Shared ownership first-time buyers probably don’t pay much attention to whether the housing association owns the freehold, or whether they’re even the head leaseholder. Shared owner, Annie Amos, explains why they should.
“I’m trying not to be defeated, and to help others to realise what shared ownership means”.
I was so proud when I bought a 30% share in a one-bedroom flat. Back in 2009, I was single and on a low income. I worked flat-out to save a large enough deposit so the monthly mortgage payment for my share would be affordable.
I knew I’d still have to budget carefully to afford my monthly mortgage repayments, rent and service charges. Not to mention all the usual costs of home ownership: council tax, electricity, water and so on. But I thought it would be worth it to have a home I could call my own.
So it was a shock when my service charges went up dramatically the year after I moved in. In 2009/10 my service charge was £108 per month (£1,299 per annum). But the following year charges increased by 69% to a massive £182 per month (£2,190 per annum). I had to undertake an affordability assessment in order to purchase my first share. But there wasn’t any mention that service charges could go up by so much, so quickly.
It’s a lovely flat. But the development doesn’t have a concierge, or a gym, or a swimming pool. I’m on the ground floor and have my own front door; I haven’t got access to any communal areas. I don’t have a car parking space. So it’s hard to understand why my service charges are so high.
Expensive service charges seem to be a problem for a lot of shared owners. I heard that shared owners can uncover lots of errors in housing association accounting records. So now I’m asking for copies of invoices via what’s known as a Section 22 under the Landlord and Tenant Act.
When I bought my initial share I didn’t realise I would be a tenant not a homeowner, despite taking out a mortgage. And, obviously, I never expected to have to learn about the law to challenge service charges. But high service charges are only the start of my problems.
I lived in my flat for twelve years before I found out about lease extension issues. My flat was sold to me with a 99-year lease, and now there are 87 years left. Unfortunately, I’ve discovered that I need to extend my lease in order to sell my flat. Most buyers won’t want to purchase a flat where they’ll need to extend the lease in the short-term. And it’s much more expensive to extend a lease once there are fewer than 80 years remaining.
However, because I’m a shared owner, I can only extend my lease under the informal route, which offers fewer protections than the statutory route. That’s the same for any shared owner.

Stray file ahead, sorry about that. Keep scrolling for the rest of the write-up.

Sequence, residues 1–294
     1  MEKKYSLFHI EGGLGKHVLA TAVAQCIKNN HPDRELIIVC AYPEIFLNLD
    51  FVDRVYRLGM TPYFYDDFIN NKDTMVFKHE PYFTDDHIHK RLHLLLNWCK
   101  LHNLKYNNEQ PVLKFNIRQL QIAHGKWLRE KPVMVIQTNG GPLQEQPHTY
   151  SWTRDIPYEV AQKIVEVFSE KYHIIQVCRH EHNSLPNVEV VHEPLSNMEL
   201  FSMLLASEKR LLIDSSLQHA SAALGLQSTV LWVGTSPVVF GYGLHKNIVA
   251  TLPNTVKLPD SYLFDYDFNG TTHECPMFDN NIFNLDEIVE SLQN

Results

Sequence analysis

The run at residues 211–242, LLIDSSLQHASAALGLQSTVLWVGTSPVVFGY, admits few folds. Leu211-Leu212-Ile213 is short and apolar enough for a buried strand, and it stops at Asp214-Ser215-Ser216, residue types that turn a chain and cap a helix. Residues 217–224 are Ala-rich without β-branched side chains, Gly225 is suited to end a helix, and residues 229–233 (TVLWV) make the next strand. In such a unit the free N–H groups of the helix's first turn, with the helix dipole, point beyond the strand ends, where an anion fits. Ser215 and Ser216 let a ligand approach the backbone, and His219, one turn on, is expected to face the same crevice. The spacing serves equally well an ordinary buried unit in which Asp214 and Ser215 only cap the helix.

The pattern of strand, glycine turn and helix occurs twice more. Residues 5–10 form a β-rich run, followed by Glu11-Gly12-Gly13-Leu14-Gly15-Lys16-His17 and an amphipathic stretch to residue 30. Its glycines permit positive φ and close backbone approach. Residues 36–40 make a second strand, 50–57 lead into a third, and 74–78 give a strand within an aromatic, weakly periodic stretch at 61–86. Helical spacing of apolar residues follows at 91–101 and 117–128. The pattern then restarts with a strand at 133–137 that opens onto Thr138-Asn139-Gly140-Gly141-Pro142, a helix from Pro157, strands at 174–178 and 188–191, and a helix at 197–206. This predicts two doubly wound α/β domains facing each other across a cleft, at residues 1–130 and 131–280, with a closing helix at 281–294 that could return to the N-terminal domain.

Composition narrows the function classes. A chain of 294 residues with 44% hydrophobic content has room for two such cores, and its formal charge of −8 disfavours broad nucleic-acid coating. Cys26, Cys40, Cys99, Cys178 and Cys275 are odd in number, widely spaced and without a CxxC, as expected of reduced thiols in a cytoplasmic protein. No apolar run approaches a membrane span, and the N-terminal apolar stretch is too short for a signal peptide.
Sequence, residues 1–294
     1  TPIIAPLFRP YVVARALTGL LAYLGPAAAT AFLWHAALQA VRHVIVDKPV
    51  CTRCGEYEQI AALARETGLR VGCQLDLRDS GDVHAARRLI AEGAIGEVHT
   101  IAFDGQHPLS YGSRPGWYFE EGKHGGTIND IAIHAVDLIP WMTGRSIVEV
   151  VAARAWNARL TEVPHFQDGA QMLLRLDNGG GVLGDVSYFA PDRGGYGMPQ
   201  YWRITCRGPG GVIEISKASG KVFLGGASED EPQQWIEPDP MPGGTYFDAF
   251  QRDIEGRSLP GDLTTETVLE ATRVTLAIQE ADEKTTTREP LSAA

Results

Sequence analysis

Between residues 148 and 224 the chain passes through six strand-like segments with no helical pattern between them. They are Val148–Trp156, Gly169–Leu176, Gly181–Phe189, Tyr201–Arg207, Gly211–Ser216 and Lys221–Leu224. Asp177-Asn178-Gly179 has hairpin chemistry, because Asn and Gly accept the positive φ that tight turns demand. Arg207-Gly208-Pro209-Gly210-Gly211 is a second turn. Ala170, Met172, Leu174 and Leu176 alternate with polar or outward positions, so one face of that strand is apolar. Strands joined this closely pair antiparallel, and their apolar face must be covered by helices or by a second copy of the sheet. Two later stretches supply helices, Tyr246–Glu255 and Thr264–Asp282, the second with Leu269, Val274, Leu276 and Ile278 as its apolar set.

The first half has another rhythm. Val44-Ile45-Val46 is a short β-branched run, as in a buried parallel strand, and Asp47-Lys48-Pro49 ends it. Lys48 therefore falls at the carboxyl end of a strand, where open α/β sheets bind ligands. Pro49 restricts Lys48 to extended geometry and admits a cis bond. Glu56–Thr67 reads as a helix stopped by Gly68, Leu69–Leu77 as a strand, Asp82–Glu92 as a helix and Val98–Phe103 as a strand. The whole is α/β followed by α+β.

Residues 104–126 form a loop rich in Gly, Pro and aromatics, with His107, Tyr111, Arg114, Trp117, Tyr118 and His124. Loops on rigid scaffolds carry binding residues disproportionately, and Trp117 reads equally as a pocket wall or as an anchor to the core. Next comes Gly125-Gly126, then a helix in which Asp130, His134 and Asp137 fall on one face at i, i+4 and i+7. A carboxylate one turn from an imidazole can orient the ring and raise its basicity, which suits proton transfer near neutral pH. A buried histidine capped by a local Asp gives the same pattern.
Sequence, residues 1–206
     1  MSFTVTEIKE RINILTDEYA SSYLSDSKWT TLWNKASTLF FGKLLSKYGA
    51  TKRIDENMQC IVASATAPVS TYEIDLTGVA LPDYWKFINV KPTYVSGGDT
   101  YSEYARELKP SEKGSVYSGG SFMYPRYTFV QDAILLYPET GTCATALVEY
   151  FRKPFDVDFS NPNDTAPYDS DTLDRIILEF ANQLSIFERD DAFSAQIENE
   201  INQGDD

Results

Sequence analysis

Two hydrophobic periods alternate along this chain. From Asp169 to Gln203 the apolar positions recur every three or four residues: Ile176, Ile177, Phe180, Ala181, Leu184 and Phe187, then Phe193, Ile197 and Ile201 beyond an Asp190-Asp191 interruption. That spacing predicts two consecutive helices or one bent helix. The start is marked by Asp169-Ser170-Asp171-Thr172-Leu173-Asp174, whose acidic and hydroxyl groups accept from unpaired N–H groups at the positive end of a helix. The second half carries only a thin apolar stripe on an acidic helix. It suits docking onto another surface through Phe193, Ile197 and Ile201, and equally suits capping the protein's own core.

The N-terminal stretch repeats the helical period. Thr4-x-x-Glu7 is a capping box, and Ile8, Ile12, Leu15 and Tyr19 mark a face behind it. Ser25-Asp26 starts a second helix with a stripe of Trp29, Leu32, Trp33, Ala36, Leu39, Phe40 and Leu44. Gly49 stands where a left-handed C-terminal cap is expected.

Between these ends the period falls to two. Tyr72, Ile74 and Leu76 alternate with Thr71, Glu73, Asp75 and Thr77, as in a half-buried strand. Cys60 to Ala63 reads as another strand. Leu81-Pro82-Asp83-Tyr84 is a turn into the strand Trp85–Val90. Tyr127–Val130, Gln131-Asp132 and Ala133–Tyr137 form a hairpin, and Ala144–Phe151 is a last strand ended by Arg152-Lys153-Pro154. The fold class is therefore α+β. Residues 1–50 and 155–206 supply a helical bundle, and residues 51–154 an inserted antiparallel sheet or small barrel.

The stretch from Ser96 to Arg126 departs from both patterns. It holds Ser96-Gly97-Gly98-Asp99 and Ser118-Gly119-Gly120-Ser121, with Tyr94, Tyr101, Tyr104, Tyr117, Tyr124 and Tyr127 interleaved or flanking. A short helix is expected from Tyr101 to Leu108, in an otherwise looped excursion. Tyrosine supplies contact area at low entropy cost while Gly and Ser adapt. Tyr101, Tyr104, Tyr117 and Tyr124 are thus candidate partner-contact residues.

“I’ve resigned myself to the fact that I am truly trapped. Extending my lease would cost more than I actually own. And I’m finding it hard to sell as there are only 87 years remaining on the lease.”
It took a good few months to find out that my housing association is not my freeholder. Then things took another turn for the worse….
My housing association have a short lease with the head leaseholder, so I can’t extend my own lease
It turns out there are four parties on the Land Registry title for my home: the freeholder, the head leaseholder, my housing association, and me. The freeholder has a 999-year leasehold. The head leaseholder has a 999-year leasehold. But my housing association only has a 125-year interest in the leasehold. Which means that if I go down the informal lease extension route they can only offer me an additional 25 years.
The only way I can extend my lease by more than 25 years is to staircase to 100% . Then I could extend my lease under the statutory route, which would give me the right to a 90-year extension and a peppercorn ground rent. But, because my housing association isn’t my freeholder, this is complicated and expensive.
I would have to find a huge amount of money to staircase to 100%. Then I would have to pay fees not only to extend my lease with my housing association but also the housing association’s fees to extend their own lease with the freeholder. It would probably cost more than my share of the property is worth.
” I wish I’d known what I was getting into at the beginning. It’s taken 12 years to realise that I’m trapped in a negative equity situation with no easy way out”.
A foot on the housing ladder?
It’s disgusting that shared ownership is sold to people like me who can’t afford to buy on the open market. We’re told it’s ‘affordable housing’ and ‘a foot on the property ladder’. By the time you realise it’s not, you’re in negative equity.
So I do believe I am truly screwed….. Shared ownership leasehold seems to be far worse than any other form of leasehold. But I’m trying not to be defeated, and to help others to realise what shared ownership means. Which is a very expensive way of renting.